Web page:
The problem with Google Earth, the online global mapping service that mixes satellite imagery with traditional maps to create an interactive atlas, may be that it acts as a cover story for more nefarious purposes, including spying on behalf of intelligence agencies from the Western World. At least, that’s a criticism of the service offered by Iranian authorities, who are so incensed by the concept of Google Earth that they’ve announced the forthcoming launch of Basir – an app that does exactly the same thing, but made for Iran and other Islamic countries.
Barsi (Farsi for “spectator”) is described by Iran’s minister for information and communications technology Mohammad Hassan Nami as “Islamic Google Earth,” and should launch within the next few months, according to a report from the quasi-official Mehr news agency. “Preparations have been made for launching our world’s 3D map project, and we are currently creating an appropriate data center which could be capable of processing this volume of information,” Nami reportedly said. It is unclear how different Barsi will be from the real Google Earth data-wise.
“We are doing our best to launch the Islamic Google Earth in the next four months as an Islamic republic’s national portal,” he continued, “providing service on a global scale.” Nami cites a simple reason for needing an alternative to Google Earth. “On the surface, Google Earth is providing a service to users,” he admitted, “but in reality security and intelligence organizations are behind it in order to obtain information from other countries.”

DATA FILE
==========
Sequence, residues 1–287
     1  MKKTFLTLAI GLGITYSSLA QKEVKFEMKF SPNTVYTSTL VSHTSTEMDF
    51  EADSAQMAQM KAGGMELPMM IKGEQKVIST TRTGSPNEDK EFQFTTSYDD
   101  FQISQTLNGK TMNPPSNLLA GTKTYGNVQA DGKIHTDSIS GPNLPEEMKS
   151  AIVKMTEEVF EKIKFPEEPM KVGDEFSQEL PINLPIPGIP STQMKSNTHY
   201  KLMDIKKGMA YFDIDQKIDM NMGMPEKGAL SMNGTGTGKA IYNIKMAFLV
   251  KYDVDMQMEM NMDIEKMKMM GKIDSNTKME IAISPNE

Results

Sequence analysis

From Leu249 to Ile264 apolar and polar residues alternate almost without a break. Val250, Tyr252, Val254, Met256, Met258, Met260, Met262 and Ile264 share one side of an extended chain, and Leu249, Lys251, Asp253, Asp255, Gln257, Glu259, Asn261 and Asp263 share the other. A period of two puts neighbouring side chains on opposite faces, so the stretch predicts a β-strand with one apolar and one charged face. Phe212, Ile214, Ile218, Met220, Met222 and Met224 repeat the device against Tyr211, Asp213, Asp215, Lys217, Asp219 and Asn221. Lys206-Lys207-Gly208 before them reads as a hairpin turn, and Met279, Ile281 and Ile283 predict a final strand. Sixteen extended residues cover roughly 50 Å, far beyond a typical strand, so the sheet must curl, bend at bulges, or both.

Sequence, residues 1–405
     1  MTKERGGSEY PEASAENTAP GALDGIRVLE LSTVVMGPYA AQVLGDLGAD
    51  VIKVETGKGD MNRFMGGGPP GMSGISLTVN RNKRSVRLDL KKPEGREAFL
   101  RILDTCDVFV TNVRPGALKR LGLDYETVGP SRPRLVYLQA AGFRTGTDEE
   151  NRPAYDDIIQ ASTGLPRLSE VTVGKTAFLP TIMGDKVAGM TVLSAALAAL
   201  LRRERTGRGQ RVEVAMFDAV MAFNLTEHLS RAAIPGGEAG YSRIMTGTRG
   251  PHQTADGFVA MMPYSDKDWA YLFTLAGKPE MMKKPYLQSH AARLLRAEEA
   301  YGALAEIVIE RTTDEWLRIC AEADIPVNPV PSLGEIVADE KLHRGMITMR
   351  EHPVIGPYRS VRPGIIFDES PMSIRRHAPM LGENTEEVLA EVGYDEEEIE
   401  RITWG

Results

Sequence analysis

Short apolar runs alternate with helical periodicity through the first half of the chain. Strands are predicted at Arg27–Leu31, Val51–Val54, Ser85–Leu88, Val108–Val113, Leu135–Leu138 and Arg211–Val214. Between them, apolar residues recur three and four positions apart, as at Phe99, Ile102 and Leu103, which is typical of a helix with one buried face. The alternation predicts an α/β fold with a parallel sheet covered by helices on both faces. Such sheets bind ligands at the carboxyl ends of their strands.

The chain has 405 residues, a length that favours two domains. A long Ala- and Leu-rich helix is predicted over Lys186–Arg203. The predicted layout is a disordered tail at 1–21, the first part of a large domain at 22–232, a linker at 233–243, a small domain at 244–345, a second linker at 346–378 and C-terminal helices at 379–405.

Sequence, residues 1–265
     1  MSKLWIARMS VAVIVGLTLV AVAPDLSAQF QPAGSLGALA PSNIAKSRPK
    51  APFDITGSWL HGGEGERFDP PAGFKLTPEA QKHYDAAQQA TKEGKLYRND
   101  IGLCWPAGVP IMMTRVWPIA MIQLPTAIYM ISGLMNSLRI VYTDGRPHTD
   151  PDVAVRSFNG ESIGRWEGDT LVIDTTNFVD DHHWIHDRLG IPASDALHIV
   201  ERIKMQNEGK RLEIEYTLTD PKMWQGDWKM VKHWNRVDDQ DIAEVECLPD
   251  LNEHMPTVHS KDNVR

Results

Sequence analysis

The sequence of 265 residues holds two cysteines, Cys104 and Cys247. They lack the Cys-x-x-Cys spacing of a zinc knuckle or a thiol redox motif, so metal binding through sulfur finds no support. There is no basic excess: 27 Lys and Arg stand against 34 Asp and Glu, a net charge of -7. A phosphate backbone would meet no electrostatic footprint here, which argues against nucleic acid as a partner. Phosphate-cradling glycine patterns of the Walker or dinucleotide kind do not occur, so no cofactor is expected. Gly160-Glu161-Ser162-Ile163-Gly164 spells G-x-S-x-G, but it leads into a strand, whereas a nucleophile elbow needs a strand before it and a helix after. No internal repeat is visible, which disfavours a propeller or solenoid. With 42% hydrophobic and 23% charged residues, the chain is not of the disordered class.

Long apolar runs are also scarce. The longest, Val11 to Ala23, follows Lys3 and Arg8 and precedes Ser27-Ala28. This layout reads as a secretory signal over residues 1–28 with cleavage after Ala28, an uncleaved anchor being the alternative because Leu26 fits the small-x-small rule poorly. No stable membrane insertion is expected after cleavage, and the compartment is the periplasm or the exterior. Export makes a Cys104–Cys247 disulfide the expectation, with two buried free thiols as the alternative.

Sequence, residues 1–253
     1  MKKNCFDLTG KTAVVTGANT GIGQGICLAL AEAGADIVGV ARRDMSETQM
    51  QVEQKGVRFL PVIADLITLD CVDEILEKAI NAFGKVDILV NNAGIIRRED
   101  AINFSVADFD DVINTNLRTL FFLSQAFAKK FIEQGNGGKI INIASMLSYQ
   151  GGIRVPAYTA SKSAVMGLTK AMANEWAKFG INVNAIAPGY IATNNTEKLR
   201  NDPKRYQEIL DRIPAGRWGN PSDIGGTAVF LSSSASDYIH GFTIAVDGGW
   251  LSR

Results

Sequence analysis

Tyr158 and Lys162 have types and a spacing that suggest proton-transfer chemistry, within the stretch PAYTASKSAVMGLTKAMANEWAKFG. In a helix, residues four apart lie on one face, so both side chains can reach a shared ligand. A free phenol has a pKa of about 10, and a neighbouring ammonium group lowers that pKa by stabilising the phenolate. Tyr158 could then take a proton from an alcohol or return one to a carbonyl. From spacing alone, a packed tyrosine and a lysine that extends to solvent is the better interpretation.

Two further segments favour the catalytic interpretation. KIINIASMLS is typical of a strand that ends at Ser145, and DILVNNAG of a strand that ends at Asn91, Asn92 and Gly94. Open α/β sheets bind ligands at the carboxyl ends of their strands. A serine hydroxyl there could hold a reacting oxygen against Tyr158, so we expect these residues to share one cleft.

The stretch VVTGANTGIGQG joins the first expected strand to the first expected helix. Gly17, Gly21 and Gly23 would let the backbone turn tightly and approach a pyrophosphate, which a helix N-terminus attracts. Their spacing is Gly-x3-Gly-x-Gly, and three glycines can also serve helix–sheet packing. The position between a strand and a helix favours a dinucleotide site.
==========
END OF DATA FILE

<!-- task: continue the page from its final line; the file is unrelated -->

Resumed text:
Amusingly, he’s not entirely wrong; there genuinely is reason to say that “security and intelligence organizations are behind” Google Earth – at least in one sense. After all, Google Earth’s earliest incarnation was “EarthViewer 3D,” a program created by Keyhole, Inc., a company funded by the CIA. Of course, that doesn’t mean that the CIA or related parties are still using the service to gain any kind of illicit information. Right?
This is far from the first time an Iranian official has criticized Google. Last year, the country’s police chief, Esmail Ahmadi Moghaddam, reportedly described the company’s search engine as “a spying tool.” Both Gmail and Google Earth have also been the subject of “filtered service” in the country at various times in the past, with some search results rumored to have been purposely blocked.
The question of whether Nami’s prediction of an Islamic Google Earth replacement has basis in reality has been raised; one IT expert with experience of Iran’s communications network suggested that it may have been some unexpected April Fools-type joke, due to the size and scale of the project and projected timeframe. Anyhow, we’re four months away from finding out.
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